Social security programs generally seek to provide insurance and to reduce poverty and inequality. Providing insurance requires little redistribution. But reducing inequality and alleviating poverty do require redistribution. To reduce inequality, programs must redistribute income, but redistributing income is not the same as reducing inequality. While some programs redistribute large amounts of income without noticeably reducing inequality, others reduce inequality with less redistribution and fewer labor market distortions. A non-contributory tier, which provides benefits without requiring contributions, is a key component for reducing inequality.
A contributory social insurance tier with pensions that are proportional to contributions can reduce individuals’ exposure to risk.
Social security programs with an integrated non-contributory (solidarity) component reduce inequality and poverty.
A defined-contribution program complemented by a well-designed solidarity tier may reduce inequality with much less redistribution and distortions than many defined-benefit programs.
Program design and implementation as well as characteristics of the population and labor markets define how well social security programs reduce inequality.
Social security may have little effect on inequality.
Social security reduces the incentive to work in the formal sector when expected benefits are disconnected from contributions.
Social security programs with demanding vesting conditions may compound the lifetime poverty of low-income individuals who are unable to meet the conditions and thus receive only a very small pension.
Because unfunded programs redistribute income to cohorts that are already old when the program begins, if mainly middle- and high-income workers participate at this early stage and low-income workers are covered only later, social security will favor the better-off.
Author's main message
How well social security programs reduce inequality depends on program design and implementation and labor market and population characteristics. Studies for Latin America show that programs with pensions that are proportional to contributions have little impact on inequality from a lifetime perspective but can protect against adverse contingencies. Unfunded defined-benefit programs tend to redistribute without reducing inequality. To reduce inequality and avoid labor market disincentives, the best design appears to be a mostly proportional contributory program complemented by a well-designed non-contributory component.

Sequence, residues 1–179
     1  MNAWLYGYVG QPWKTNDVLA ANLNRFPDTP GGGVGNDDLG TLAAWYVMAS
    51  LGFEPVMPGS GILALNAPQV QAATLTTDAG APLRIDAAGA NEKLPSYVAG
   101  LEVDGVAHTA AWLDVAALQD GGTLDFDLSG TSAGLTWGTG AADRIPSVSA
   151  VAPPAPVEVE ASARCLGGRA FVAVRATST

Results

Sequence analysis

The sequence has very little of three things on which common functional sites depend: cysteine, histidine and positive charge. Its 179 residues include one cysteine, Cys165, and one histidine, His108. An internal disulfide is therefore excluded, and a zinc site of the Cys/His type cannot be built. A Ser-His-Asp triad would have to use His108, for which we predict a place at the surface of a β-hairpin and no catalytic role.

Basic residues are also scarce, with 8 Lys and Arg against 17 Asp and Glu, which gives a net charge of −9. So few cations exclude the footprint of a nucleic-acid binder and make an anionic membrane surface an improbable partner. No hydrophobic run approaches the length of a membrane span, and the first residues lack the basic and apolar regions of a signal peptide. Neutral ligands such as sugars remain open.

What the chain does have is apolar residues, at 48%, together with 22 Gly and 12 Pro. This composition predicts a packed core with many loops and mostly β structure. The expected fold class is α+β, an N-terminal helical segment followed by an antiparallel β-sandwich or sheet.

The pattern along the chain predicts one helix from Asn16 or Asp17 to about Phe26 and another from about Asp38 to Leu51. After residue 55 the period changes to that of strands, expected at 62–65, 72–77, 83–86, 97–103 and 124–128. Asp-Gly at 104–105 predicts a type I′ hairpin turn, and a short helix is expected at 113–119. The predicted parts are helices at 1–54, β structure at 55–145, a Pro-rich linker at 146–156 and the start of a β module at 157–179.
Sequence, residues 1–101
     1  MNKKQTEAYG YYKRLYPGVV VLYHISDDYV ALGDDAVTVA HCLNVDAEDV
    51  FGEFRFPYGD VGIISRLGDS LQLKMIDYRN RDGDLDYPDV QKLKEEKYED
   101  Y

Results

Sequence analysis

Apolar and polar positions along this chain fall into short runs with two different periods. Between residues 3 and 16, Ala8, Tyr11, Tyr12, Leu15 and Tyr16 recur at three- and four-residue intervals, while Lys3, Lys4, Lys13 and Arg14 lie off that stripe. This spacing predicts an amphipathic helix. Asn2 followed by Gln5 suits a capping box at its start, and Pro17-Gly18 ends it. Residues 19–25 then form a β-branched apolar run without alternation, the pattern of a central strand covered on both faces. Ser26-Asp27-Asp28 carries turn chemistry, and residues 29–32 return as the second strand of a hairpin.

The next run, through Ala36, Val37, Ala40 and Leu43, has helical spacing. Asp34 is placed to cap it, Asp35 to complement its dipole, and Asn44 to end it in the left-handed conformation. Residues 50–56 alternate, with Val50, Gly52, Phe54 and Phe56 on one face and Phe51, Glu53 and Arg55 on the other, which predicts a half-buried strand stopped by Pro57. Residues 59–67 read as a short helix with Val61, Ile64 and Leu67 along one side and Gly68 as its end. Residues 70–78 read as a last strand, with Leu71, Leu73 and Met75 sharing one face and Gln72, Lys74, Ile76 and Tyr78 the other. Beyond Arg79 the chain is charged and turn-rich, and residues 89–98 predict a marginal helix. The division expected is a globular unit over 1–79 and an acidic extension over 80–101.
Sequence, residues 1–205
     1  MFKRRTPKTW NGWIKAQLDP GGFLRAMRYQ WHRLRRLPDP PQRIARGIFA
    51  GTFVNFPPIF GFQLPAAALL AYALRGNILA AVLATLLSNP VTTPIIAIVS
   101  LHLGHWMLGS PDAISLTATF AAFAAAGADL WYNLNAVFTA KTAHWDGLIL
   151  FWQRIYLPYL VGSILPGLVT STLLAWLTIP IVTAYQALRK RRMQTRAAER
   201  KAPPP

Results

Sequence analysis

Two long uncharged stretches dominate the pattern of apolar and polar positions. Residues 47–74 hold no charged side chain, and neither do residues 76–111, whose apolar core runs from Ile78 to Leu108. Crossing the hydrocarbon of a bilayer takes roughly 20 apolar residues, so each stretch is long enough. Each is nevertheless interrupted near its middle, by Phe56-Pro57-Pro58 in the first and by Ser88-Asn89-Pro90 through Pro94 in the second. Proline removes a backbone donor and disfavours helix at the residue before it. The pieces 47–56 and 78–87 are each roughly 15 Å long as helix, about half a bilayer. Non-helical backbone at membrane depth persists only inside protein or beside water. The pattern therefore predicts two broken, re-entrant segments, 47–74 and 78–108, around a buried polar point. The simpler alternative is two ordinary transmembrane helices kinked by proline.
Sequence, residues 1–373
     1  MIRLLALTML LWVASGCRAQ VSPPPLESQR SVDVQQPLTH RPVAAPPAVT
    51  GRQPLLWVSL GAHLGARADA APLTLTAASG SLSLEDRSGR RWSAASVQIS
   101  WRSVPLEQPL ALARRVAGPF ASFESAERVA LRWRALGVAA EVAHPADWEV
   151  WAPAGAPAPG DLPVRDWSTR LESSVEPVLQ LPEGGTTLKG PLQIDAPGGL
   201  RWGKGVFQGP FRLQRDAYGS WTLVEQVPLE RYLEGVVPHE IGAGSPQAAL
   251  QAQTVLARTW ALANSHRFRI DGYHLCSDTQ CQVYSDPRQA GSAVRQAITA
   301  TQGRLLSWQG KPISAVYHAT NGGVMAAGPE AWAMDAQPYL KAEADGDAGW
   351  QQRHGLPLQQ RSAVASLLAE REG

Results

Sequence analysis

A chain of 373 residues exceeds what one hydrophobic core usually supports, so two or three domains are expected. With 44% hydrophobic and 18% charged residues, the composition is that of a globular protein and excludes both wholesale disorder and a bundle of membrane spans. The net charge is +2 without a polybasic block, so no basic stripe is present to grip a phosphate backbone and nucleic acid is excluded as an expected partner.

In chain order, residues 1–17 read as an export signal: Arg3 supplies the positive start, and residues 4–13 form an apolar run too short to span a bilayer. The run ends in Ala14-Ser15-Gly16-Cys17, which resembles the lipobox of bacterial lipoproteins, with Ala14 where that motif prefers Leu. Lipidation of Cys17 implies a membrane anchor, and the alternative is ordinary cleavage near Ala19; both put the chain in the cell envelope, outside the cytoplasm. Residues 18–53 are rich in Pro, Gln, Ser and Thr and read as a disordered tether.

Social security is one of the largest public programs in many countries. Because of its size, nature (mostly transfers), and pension beneficiaries (dependent population), social security provides an opportunity for governments to redistribute income on a large scale. One of the goals is to reduce inequality. But are these programs effective at doing so? What economic distortions do they cause? The answer to these questions depends on program design, implementation, and institutional strength.
According to common wisdom, traditional defined-benefit pension programs reduce inequality, while defined-contribution programs do not (see Social security: Some basic concepts). Defined-benefit programs usually have built-in redistributive components, the argument goes, but defined-contribution programs do not. Common wisdom further claims that redistribution reduces the incentive to work or for companies to formalize, but these distortions are a necessary cost of reducing inequality.
While this characterization is mostly right in theory, real-world programs present a more nuanced landscape. Some defined-benefit programs seem to redistribute a lot without substantially reducing inequality. If this is so, there could be much distortion and little inequality reduction. Also, real-world defined-contribution programs are sometimes complemented by redistributive components. If well targeted, these components can be effective at alleviating poverty and reducing inequality, even if they are not large compared with the defined contribution component. This paper looks at social security programs in some countries in Latin America, to determine which type of program seems best at reducing inequality.
Discussion of pros and cons
What do we mean by social security?
“Social security” has different meanings in different countries. It includes the traditional old-age, survivors, and disability insurance programs, but it may also include other programs such as unemployment insurance, maternity leave, and family allowances. This paper focuses mainly on pensions, which have the largest effects on redistribution.
Old-age pensions, usually the largest social security component, insure individuals against the risk of running out of resources after retirement. Disability insurance replaces the income of individuals when they suffer temporary or permanent disability, and survivor’s insurance provides income to the dependent family of a deceased worker.